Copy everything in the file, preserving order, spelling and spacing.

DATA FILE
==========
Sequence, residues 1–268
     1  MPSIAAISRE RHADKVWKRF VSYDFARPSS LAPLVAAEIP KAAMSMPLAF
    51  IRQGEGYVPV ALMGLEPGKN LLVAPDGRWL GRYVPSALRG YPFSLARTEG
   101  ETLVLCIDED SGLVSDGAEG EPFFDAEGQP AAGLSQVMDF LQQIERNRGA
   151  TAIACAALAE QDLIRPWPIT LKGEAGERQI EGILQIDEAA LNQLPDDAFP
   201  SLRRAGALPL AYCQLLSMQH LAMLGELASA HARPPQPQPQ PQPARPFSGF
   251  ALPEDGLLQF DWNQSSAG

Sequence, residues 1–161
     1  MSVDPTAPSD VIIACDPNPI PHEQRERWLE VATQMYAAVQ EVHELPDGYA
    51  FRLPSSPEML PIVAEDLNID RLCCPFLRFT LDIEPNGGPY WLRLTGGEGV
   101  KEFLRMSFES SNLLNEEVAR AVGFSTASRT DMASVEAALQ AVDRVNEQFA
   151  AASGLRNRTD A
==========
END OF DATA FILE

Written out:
Sequence, residues 1–268
     1  MPSIAAISRE RHADKVWKRF VSYDFARPSS LAPLVAAEIP KAAMSMPLAF
    51  IRQGEGYVPV ALMGLEPGKN LLVAPDGRWL GRYVPSALRG YPFSLARTEG
   101  ETLVLCIDED SGLVSDGAEG EPFFDAEGQP AAGLSQVMDF LQQIERNRGA
   151  TAIACAALAE QDLIRPWPIT LKGEAGERQI EGILQIDEAA LNQLPDDAFP
   201  SLRRAGALPL AYCQLLSMQH LAMLGELASA HARPPQPQPQ PQPARPFSGF
   251  ALPEDGLLQF DWNQSSAG

Sequence, residues 1–161
     1  MSVDPTAPSD VIIACDPNPI PHEQRERWLE VATQMYAAVQ EVHELPDGYA
    51  FRLPSSPEML PIVAEDLNID RLCCPFLRFT LDIEPNGGPY WLRLTGGEGV
   101  KEFLRMSFES SNLLNEEVAR AVGFSTASRT DMASVEAALQ AVDRVNEQFA
   151  AASGLRNRTD A